SLU Studies Universal Flu Vaccine
Saint Louis University is among four federally-funded vaccine research centers studying
an investigational universal influenza vaccine intended to protect against multiple
strains of the virus.
The trial is sponsored by the National Institute of Allergy and Infectious Diseases
(NIAID), part of the National Institutes of Health. It tests an experimental vaccine
for safety and its ability to produce potentially broad protective immune responses,
both on its own and when followed by a standard, licensed seasonal influenza vaccine.
Saint Louis University’s Vaccine and Treatment Evaluation Unit (VTEU) is providing
laboratory support for this phase 2 clinical trial. Three other VTEUs -- Baylor College
of Medicine; the University of Iowa in Iowa City; and Cincinnati Children’s Hospital
Medical Center – are recruiting up to 120 healthy volunteers for participation in
the trial. The trial will test the M-001 vaccine candidate, developed and produced
by BiondVax Pharmaceuticals.
Influenza viruses mutate constantly, resulting in the emergence of viruses that may
not always match those targeted by seasonal and pre-pandemic influenza vaccines. Seasonal
influenza vaccines are made anew each year to match the strains predicted to circulate
in the upcoming season. To receive the best protection against influenza, people must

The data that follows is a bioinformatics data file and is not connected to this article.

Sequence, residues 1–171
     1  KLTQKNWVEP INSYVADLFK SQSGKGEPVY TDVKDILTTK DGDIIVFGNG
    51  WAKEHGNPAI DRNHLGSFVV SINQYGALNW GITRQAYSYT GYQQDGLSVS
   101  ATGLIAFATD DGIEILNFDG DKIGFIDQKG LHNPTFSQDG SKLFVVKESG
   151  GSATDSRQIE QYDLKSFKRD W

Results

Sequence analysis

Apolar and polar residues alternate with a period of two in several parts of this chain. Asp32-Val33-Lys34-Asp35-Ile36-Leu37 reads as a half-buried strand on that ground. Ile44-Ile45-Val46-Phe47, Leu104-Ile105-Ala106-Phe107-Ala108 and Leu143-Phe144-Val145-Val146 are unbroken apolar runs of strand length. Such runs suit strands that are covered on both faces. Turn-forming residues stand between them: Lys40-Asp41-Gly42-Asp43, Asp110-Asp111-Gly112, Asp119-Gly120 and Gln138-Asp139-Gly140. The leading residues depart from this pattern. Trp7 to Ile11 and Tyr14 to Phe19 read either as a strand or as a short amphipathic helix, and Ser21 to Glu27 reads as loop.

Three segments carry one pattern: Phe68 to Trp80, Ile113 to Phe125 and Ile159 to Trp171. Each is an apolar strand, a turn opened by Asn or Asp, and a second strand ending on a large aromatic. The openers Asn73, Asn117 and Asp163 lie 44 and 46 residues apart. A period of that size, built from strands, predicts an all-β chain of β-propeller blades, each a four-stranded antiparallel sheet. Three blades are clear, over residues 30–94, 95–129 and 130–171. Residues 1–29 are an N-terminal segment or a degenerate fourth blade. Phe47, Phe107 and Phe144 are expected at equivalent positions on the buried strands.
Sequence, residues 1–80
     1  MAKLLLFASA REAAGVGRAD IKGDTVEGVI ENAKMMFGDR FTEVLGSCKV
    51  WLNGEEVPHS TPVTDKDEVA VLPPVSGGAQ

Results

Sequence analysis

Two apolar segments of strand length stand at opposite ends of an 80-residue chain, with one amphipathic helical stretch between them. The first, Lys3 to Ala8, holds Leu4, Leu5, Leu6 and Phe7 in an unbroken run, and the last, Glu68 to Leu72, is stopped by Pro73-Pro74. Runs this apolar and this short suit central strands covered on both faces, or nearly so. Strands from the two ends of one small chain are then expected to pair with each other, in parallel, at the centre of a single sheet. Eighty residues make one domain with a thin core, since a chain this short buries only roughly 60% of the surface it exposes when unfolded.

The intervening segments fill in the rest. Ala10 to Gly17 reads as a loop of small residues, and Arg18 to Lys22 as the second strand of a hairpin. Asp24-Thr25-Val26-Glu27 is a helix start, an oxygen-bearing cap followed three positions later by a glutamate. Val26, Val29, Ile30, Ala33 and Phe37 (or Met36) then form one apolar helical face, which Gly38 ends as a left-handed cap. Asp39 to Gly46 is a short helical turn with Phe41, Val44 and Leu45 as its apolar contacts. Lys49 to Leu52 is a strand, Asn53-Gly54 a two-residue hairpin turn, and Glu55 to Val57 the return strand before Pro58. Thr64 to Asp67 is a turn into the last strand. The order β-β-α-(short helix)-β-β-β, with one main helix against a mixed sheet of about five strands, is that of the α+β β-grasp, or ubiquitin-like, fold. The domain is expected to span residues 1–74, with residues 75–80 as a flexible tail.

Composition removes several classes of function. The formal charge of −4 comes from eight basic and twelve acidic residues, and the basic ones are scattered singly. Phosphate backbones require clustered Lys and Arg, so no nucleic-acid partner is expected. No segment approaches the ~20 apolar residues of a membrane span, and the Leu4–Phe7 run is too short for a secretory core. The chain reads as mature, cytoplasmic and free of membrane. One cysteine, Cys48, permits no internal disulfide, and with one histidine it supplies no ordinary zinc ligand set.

be vaccinated annually.
However, if a particular influenza strain changes in an unanticipated way, or a different
strain from that included in the vaccine spreads widely, the seasonal influenza vaccine
may not be sufficiently protective. Each year, seasonal influenza sickens millions
in the United States and results in 140,000 to 710,000 hospitalizations and between
12,000 and 56,000 deaths, according to the Centers for Disease Control and Prevention.
Influenza pandemics occur when a novel influenza strain for which people have little
to no protection begins to spread among humans and presents a greater public health
threat than seasonal influenza. For example, the 1918 influenza pandemic killed at
least 50 million people worldwide. An ideal universal influenza vaccine would provide
durable protection for all age groups against multiple influenza strains, including
those that might cause a pandemic.
SLU is one of nine Vaccine and Treatment Evaluation Units selected in 2013 by NIAID
to study vaccines and treatments of the future that will protect people from infectious
diseases and emerging threats. The project is funded under Contract No. HHSN272201300021I.
The federal government has funded vaccine research at SLU since 1989. To learn more
about the vaccine research being conducted at Saint Louis University, visit vaccine.slu.edu.